FRANCE, Day Three — Visiting Monet’s House

While most of my recap posts (here and here) have been fairly wordy, for Day Three the pictures pretty much say it all.

Monday — which happened to by my 30th birthday — we decided to visit the water lilies we’d seen the day before at Musee de L’Orangerie in person, at Monet’s home in Giverny. We caught the train to the town of Vernon by the skin of our teeth (five minutes to spare!) which resulted in Chris and Owen having to sit on the stairs, while Fiona and I shared a seat and she cried for Daddy. Happy birthday to me, I guess?! Thanks, baby girl! Haha.

We took the train to the town of Vernon, which was an easy hour-long trip. Honestly though, after making the journey I wonder whether it would have been cheaper to rent a car for a day and drive. The train tickets for three (Fi was free) cost us 80 euro, plus another 20 euro for the bus ride from Vernon to Giverny. It probably would have been too much bother to rent a car for a day, but it is something to consider if you are planning a trip yourselves with a group. Another option between Vernon and Giverny was renting bicycles, by the way, which I think would have been amazing if our kids were old enough.

Anyway, it doesn’t matter how you get there. Just get there. It is gorgeous and was one of my favorite things we did on a trip packed with awesome.


Can you believe that I honestly wondered whether many flowers would be out this time of year?

As you can imagine, it smelled heavenly here.

Water lilies don’t actually bloom until mid-summer, I think. (We knew this beforehand — no disappointment)







The view we came to see particularly!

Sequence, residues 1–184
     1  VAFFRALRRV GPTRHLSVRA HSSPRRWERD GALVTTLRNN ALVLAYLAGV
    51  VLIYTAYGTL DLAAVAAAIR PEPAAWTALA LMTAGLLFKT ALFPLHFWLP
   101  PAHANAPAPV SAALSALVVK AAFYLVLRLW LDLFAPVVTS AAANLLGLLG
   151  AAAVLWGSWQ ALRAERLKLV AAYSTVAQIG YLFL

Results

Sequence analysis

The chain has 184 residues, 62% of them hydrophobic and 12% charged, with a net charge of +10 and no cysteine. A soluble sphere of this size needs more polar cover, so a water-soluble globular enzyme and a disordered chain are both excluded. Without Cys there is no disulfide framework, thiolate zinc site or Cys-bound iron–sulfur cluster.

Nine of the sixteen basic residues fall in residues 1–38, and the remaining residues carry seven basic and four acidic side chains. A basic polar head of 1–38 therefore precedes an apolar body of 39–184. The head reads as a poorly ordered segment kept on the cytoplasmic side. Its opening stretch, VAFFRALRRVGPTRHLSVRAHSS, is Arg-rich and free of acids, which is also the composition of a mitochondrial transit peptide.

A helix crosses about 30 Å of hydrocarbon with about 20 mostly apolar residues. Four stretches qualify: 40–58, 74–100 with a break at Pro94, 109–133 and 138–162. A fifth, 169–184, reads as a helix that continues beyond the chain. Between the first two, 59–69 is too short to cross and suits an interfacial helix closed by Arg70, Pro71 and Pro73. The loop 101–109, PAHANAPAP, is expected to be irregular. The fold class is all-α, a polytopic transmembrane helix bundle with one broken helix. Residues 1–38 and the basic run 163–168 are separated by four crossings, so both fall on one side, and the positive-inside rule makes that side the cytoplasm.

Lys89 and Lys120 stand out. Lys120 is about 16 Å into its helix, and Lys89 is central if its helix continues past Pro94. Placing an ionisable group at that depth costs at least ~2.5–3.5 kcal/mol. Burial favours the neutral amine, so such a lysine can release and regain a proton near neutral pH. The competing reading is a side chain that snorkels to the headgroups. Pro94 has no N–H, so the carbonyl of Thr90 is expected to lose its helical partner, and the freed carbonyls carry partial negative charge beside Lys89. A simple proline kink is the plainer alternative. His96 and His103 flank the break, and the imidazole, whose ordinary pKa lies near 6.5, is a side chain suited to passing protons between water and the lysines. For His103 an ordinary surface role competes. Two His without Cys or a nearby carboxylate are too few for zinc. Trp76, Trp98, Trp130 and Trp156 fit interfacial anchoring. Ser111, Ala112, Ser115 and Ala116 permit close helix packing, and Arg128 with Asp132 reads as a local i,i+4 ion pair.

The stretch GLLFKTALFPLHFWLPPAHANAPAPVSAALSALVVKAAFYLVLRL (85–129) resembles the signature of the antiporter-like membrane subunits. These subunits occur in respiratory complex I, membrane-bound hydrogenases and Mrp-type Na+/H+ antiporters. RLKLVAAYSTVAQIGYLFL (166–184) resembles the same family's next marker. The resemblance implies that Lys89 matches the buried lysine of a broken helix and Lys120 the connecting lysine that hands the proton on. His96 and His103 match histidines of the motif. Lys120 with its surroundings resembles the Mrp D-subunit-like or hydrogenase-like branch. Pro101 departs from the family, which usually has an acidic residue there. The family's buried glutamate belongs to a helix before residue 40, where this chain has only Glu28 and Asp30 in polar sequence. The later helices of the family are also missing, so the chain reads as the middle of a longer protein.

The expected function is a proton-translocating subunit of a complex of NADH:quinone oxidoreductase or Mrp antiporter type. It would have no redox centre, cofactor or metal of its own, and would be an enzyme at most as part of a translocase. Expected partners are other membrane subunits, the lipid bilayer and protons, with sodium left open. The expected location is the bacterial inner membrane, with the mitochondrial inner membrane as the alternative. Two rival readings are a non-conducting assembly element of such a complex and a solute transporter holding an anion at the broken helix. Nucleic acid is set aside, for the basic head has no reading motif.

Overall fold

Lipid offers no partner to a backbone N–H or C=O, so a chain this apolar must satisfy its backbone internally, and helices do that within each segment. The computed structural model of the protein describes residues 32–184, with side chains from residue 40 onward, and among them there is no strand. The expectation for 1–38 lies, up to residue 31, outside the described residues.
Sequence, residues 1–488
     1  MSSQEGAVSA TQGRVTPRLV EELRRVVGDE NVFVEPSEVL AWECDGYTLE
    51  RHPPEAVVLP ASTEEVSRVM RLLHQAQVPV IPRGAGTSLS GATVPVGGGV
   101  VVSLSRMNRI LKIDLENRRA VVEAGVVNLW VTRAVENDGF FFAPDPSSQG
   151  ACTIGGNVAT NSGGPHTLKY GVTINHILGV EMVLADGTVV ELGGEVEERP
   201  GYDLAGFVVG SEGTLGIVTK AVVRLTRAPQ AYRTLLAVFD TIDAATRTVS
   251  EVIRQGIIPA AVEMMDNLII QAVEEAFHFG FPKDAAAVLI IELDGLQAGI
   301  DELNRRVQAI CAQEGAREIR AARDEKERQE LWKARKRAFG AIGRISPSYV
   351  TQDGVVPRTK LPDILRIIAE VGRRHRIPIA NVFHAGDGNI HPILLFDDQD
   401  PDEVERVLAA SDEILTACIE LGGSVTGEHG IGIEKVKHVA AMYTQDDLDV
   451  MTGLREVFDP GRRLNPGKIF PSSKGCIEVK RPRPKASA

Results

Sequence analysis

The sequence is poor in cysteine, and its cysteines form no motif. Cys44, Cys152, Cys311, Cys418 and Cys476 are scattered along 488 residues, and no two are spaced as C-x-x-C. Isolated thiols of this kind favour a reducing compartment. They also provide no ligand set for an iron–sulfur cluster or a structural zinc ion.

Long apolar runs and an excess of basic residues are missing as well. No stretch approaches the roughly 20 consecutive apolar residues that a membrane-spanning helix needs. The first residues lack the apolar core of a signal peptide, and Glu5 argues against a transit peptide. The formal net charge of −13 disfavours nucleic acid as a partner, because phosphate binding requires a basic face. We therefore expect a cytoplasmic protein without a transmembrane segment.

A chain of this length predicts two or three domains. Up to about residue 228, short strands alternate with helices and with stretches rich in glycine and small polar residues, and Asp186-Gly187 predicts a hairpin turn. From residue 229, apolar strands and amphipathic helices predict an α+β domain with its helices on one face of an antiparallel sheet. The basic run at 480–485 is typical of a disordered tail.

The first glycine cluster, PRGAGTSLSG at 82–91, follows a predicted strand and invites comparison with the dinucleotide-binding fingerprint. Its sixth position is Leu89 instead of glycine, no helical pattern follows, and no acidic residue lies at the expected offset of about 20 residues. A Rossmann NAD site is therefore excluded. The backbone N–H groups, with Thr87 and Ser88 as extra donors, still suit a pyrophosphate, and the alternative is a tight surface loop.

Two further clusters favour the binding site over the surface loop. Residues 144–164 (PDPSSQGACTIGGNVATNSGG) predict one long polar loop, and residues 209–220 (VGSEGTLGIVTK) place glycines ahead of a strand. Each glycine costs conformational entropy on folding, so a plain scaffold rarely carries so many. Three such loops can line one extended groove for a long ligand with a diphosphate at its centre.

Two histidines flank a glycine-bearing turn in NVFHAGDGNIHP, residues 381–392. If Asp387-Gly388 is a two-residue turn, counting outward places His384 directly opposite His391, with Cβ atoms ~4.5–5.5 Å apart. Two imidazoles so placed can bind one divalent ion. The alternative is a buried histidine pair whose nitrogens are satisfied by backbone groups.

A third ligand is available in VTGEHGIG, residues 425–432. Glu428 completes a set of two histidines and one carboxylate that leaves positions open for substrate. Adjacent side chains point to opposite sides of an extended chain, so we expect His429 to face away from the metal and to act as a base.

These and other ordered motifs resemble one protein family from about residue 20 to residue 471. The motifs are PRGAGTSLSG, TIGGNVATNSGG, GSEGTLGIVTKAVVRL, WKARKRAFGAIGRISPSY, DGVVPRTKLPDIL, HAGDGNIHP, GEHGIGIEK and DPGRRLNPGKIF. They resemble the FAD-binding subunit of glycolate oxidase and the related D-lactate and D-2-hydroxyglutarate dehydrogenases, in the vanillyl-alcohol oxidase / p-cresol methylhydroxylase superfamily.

Monet lived and painted here from 1883 until his death in 1926. With his first wife, who died of tuberculosis young, he had two sons. After she died, he took up with the wife of a friend; both families had lived together at one point, but the friend had apparently gone bankrupt and was estranged from his wife. Monet and Alice Hoschete ended up marrying in 1892 after her estranged husband died. They raised his two and her six children here, and eventually one of his sons and her daughters (both of whom were artists!) married. Just an interesting piece of history, I thought. 


This is the view from the window of Monet’s bedroom, where he died. Not bad. 


Many of his paintings are on display in the house as well. 


We had a lovely lunch in Giverny before catching the train back to Paris, where we ended our evening at an Indian restaurant in our neighborhood. It was delicious but I don’t think the owners were overly impressed with us being there … possibly because of Owen’s refusal to eat anything, or possibly because Fiona — apparently deciding the rice was the best thing ever — started shoving it into her mouth with her hands at a rate that can only be described as cartoonish. I swear, we do feed this girl!

Overall, I couldn’t have asked for a better way to kick off my 30s than spending it in a beautiful place with my favorite people in the universe.

One Response

  1. jan

    I once went to an exhibit at the Art Institute of Chicago on Monet. At the end of the exhibit, after the explanation of the artist losing much or all of his sight by the end of his life, hung his portrait. I cried. This one man had made my life so much more beautiful. And these pictures are amazing. Thanks, Kasey!

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